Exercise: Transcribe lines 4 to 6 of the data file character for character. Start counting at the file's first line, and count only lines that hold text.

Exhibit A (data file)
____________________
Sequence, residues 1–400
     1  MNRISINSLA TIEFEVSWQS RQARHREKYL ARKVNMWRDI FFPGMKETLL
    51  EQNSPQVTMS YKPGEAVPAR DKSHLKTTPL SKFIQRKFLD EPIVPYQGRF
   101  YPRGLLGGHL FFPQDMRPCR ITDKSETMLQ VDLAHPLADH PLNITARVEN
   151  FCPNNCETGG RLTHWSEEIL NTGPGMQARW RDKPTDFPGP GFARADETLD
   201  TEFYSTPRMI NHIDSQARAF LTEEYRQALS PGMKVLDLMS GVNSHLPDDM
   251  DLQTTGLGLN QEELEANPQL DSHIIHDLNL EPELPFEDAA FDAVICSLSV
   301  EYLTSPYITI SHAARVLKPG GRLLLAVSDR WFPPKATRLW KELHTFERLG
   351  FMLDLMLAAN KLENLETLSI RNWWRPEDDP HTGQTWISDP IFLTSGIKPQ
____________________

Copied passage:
   101  YPRGLLGGHL FFPQDMRPCR ITDKSETMLQ VDLAHPLADH PLNITARVEN
   151  FCPNNCETGG RLTHWSEEIL NTGPGMQARW RDKPTDFPGP GFARADETLD
   201  TEFYSTPRMI NHIDSQARAF LTEEYRQALS PGMKVLDLMS GVNSHLPDDM